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Release: Feb. 9, 2001

(NOTE TO BROADCASTERS: Uriel Tsachor is pronounced OO-ree-ell tsah-KHOR.)

UI faculty/guest duo to perform sonatas for violin, piano Feb. 19

IOWA CITY, Iowa -- The University of Iowa faculty-and-guest duo of Uriel Tsachor, piano, and Andrew Hardy, violin, will perform three major works of the violin repertoire in a free recital at 8 p.m. Monday, Feb. 19, in Clapp Recital Hall on the UI campus.

Tsachor joined the faculty of the UI School of Music in 1988 and began working with Hardy soon after. Although they have performed around the world and made several recordings during the decade-long collaboration, this will be the first time the duo has performed on the UI campus.

"We began playing together in 1990 in Belgium," Tsachor said. "A recording producer needed a duo for a recording of the complete works for violin and piano by Robert and Clara Schumann. He knew each of us separately and decided to try us out as a duo. After a short reading of various works it was obvious to both of us regarding the musical chemistry."

"Since then, we have performed as a duo in numerous locations and festivals in France, Italy, Germany, Belgium and the Netherlands, but we just never got around to scheduling a recital here.

"We have recorded four CDs together, including the one that got us started -- the complete works of Robert and Clara Schumann -- as well as the complete works of Brahms and sonatas by Reger and Strauss."

For the UI debut, the Hardy-Tsachor duo chose three sonatas, all of them serious, demanding works that are considered among the major challenges of the duo repertoire: Brahms' Sonata No. 2 in A major, op. 100, Beethoven's Sonata No 10 in G major, op. 96, and Bartok's Sonata No. 1.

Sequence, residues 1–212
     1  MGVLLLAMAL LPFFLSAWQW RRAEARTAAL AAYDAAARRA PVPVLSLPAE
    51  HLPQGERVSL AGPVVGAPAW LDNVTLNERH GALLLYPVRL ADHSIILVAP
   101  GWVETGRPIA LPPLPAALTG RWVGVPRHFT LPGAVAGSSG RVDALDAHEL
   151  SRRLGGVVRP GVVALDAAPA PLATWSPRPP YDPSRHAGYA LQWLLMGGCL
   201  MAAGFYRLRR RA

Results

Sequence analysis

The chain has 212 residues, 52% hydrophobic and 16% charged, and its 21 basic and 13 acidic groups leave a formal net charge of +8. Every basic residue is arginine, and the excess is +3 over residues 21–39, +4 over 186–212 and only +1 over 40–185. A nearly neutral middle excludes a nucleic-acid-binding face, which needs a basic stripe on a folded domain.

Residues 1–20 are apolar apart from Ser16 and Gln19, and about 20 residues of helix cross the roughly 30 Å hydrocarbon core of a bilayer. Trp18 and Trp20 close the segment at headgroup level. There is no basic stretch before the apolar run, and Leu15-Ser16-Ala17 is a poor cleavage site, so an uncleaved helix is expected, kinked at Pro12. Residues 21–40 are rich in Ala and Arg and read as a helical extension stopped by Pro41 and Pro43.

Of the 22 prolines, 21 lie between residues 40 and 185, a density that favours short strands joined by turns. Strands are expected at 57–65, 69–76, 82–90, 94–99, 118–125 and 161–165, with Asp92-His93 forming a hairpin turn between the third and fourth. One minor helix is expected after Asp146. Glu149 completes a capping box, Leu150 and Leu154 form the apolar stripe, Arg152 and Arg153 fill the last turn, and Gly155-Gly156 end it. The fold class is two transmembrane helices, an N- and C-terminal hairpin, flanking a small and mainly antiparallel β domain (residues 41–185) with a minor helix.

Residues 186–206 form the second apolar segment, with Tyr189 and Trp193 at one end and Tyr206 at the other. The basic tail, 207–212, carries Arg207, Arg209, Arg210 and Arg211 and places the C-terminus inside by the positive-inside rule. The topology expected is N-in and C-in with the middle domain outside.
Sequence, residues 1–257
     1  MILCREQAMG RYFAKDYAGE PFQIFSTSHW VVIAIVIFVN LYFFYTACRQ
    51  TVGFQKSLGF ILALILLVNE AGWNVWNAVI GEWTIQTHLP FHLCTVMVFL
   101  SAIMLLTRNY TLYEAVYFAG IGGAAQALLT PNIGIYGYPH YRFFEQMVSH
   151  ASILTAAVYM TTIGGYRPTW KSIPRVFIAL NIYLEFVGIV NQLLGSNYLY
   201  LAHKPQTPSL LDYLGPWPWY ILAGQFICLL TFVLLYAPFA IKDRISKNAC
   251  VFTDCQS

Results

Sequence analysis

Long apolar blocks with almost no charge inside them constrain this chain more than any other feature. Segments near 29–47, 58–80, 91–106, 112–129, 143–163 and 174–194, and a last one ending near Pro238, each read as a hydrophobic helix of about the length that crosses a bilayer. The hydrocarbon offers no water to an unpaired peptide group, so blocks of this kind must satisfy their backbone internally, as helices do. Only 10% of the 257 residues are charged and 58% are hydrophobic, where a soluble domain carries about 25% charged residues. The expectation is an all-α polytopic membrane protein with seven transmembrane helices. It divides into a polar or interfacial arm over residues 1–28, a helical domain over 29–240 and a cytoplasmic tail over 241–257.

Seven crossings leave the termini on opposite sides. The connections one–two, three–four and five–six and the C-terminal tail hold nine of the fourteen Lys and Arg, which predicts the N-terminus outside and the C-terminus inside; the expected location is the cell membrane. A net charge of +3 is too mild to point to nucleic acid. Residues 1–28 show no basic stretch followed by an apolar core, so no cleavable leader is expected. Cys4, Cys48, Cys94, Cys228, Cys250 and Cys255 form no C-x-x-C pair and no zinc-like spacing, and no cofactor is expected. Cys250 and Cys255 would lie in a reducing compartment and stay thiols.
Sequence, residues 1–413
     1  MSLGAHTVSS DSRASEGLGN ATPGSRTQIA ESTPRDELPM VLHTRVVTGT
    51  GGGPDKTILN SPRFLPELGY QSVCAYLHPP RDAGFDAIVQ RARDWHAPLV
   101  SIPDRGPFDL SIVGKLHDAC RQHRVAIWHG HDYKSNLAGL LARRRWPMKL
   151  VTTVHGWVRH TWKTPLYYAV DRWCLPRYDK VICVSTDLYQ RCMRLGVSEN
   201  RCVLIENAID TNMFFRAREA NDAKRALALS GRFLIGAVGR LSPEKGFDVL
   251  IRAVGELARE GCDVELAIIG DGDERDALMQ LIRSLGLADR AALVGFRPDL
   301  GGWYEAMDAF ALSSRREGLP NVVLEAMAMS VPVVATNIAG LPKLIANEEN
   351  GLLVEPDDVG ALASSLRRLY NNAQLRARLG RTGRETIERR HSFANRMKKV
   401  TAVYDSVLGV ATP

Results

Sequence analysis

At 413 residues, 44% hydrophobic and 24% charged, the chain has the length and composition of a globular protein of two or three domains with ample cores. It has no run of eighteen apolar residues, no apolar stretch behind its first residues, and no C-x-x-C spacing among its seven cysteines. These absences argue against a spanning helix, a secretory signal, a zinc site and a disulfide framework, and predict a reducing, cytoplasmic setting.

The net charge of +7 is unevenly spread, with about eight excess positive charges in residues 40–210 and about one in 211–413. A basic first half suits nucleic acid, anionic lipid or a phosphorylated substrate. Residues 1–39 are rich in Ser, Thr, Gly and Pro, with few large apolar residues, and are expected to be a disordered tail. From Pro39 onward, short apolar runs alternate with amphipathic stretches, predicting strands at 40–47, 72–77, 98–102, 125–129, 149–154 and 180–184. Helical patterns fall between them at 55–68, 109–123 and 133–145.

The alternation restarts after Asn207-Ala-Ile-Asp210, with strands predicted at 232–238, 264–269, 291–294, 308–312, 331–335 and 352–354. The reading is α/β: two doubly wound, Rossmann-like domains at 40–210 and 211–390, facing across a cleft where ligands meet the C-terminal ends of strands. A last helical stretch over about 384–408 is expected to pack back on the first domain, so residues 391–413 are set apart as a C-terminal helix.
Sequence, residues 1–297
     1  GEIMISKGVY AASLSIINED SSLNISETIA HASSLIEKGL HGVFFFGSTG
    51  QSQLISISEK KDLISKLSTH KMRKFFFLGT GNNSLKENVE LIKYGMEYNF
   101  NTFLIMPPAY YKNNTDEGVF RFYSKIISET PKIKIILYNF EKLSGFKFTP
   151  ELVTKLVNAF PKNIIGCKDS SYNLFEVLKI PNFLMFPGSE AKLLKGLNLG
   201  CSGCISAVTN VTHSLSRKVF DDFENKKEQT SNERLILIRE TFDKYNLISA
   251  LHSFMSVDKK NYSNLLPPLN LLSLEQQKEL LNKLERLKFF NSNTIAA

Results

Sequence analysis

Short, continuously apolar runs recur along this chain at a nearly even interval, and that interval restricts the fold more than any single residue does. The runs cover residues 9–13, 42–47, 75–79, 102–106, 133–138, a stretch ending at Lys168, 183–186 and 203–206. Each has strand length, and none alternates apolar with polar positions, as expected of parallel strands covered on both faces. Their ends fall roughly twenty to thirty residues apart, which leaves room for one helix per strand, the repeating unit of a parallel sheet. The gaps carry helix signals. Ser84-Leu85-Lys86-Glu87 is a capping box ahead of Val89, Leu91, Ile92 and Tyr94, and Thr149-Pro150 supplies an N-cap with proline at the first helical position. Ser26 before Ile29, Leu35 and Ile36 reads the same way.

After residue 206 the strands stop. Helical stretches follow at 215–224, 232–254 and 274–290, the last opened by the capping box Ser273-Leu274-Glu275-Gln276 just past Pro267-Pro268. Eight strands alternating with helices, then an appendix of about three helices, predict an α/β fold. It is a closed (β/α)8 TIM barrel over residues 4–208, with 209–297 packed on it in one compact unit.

Brahms liked to spend his summers away from Vienna, in a small country resort where he could work undisturbed. The summer of 1896 was spent in Hofstetten, Switzerland, where he managed to complete three large-scale pieces of chamber music: the Violin Sonata No. 2, the Cello Sonata No. 2, op. 99, and the Piano Trio in C minor, op. 101. The Violin Sonata is very reminiscent of Brahms' songs, calling for a singing-tone and lyrical style from the violinist.

Beethoven wrote his Violin Sonata in G major at the end of 1812, for a concert in Vienna by the French violinist Pierre Rode. It was the first Violin Sonata he had written since completing the imposing "Kreutzer" Sonata10 years before. In comparison to its predecessor, the G-major Sonata is more intimate in expression, but its four-movement length marks it as a serious work nonetheless.

Bartok is one of only a very few composers to write works in the 20th century that have joined the standard repertoire in genres of the Classic and Romantic periods. His string quartets, piano and violin concertos, and the two violin sonatas have all joined the works of Beethoven, Brahms and other composers of the 19th century among the essential works of their types. Bartok wrote the First Violin Sonata for the British violinist Jelly d'Aranyi, with whom he performed it on tour throughout Europe in 1921 and 1922.